Pat Hume ‘valued the quiet, private spaces’

Pat Hume spoke of how she valued the “quiet and private spaces” shortly before her untimely death earlier this year.

The late peace campaigner is quoted in a new book compiled by homelessness campaigner, Sister Stanislaus Kennedy, who, during the Covid-19 lockdown, asked a range of well-known Irish people to consider the question: “Where and how do you find peace in your daily life?”

The book, entitled ‘Finding Peace’, includes contributions from media personalities like Tommy Tiernan, Miriam O’Callaghan and Ray D’Arcy, to politicians like Tánaiste Leo Varadkar and Taoiseach Micheál Martin, who all answer the question in their own way, giving us an insight into their minds and their lives.

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Among the most poignant of the contributions is Pat Hume’s who, in conversation with her daughter, Aine Abbott, reveals that three things sustained peace for her - even in the most turbulent of times.

She says: “The first is community, from my own amazing family to the many wonderful human beings I have been privileged to meet. The second is the natural world. I love to walk. I have been blessed to travel a little and I live in Derry, a beautiful city in itself and on the doorstep of Donegal, so beauty is never far away. The third has been quiet moments of prayer. In a busy life, this might have just been a few minutes of quiet in a chapel, or a few moments spoken in my own mind. I have absolutely no doubt that these have sustained my peace and, maybe, saved my sanity at times!”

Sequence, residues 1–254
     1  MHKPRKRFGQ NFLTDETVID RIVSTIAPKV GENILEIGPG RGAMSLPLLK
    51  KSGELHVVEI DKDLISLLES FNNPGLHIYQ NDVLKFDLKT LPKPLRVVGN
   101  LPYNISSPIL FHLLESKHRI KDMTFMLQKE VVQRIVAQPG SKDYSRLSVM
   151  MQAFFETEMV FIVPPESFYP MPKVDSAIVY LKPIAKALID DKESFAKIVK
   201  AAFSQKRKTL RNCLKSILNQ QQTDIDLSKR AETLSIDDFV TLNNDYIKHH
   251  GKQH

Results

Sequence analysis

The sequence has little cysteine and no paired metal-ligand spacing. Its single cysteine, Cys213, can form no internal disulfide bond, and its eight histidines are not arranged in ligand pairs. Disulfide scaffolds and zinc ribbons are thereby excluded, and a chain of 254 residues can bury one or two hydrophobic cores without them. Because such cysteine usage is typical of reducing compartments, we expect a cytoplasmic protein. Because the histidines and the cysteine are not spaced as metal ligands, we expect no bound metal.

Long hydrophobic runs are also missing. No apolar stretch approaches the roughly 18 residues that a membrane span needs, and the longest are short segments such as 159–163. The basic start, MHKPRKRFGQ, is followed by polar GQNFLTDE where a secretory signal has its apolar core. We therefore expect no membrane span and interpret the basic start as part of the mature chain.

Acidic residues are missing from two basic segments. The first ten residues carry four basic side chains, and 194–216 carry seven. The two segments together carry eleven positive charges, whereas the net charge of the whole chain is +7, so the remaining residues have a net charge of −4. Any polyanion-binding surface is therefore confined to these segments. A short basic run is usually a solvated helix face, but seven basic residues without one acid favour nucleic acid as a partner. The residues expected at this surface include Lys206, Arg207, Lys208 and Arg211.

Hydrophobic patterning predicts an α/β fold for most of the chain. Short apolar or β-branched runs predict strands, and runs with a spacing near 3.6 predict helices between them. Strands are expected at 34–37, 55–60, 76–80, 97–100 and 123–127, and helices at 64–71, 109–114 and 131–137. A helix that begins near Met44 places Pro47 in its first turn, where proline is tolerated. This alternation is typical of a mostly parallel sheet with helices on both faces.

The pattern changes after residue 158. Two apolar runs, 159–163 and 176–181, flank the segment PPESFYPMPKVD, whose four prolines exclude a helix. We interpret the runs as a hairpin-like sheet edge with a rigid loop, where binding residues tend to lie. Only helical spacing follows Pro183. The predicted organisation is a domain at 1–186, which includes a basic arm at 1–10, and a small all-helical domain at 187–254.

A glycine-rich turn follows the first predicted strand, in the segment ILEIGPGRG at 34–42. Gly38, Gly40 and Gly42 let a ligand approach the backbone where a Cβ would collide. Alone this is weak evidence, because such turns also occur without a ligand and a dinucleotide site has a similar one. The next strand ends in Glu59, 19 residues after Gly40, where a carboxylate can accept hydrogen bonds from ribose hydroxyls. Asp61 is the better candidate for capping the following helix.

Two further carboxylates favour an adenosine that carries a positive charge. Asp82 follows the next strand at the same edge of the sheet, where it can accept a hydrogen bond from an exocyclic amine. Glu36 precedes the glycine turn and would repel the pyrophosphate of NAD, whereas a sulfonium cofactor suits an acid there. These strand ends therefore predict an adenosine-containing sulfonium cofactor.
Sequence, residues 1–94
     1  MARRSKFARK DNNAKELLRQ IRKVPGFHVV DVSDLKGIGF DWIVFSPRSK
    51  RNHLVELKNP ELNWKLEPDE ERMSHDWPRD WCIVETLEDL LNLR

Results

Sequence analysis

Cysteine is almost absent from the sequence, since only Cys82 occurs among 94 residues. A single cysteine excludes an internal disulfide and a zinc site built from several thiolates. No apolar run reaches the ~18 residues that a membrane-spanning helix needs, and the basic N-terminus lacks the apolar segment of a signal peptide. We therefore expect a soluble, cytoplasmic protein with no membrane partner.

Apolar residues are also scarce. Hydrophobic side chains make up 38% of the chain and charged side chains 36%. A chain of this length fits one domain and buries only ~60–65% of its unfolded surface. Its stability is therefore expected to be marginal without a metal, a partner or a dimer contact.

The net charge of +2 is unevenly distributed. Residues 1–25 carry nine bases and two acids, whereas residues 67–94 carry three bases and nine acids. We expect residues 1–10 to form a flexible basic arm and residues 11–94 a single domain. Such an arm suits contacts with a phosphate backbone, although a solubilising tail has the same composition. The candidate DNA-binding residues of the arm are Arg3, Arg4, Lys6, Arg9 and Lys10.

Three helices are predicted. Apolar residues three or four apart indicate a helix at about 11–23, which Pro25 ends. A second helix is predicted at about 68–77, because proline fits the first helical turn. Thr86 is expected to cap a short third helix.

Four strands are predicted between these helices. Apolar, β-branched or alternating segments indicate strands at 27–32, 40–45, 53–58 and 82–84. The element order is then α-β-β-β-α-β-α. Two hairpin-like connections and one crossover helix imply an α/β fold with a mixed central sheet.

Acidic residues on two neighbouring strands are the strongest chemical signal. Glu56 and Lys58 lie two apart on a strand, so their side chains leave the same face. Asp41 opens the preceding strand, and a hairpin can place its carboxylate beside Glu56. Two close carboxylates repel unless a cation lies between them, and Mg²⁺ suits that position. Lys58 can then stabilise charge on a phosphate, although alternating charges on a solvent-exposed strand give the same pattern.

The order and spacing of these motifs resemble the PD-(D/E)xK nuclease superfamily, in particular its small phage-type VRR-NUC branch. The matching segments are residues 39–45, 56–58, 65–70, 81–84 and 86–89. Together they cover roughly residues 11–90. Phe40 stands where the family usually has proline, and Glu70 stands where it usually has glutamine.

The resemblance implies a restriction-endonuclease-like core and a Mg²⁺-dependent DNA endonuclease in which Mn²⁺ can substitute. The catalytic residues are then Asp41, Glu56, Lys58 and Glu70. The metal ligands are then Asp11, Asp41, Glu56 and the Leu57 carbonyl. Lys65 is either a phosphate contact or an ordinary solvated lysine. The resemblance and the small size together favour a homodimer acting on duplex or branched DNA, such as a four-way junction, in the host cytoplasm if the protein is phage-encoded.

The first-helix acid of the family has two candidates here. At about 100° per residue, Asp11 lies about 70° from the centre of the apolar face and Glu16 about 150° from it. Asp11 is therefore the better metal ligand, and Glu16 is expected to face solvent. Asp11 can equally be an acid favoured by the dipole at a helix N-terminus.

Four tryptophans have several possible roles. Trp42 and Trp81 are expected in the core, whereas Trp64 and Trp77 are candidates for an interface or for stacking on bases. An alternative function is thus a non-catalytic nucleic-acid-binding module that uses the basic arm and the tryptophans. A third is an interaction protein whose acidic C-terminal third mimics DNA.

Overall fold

Mrs Hume, who passed away in September after a short illness, also spoke of the “uncertain times” we live in.

She says: “If John were alive, he would be applying these three tenets of peaceful change to our current situation. Faith in the generosity of others; trust as a foundation, and, above all, the embracing of diversity.

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“John’s notions of kinship transcended boundaries of family, community and nation. If he were alive today, he would be telling us that our interdependence includes our fragile planet and all the species that live upon it. He would be urging us to develop a planetary kinship. One that is inclusive of all life. This will involve a deep shift in our relationship with the natural world.”

Mrs Hume says her experience in Northern Ireland taught her that, for those suffering injustice and hardship, violence could offer the “seductive illusion of absolute righteousness”.

“Violence blinds both perpetrators, and those who fear them, to the messy complexities of human reality,” she says. “The non-violent path can appear slow and painstaking by comparison. But reality itself is messy and complex and true peace can only be found if it is grounded in reality. It is a lifelong task.”

○ ‘Finding Peace’, compiled by Sister Stan, is published by Columba Books.

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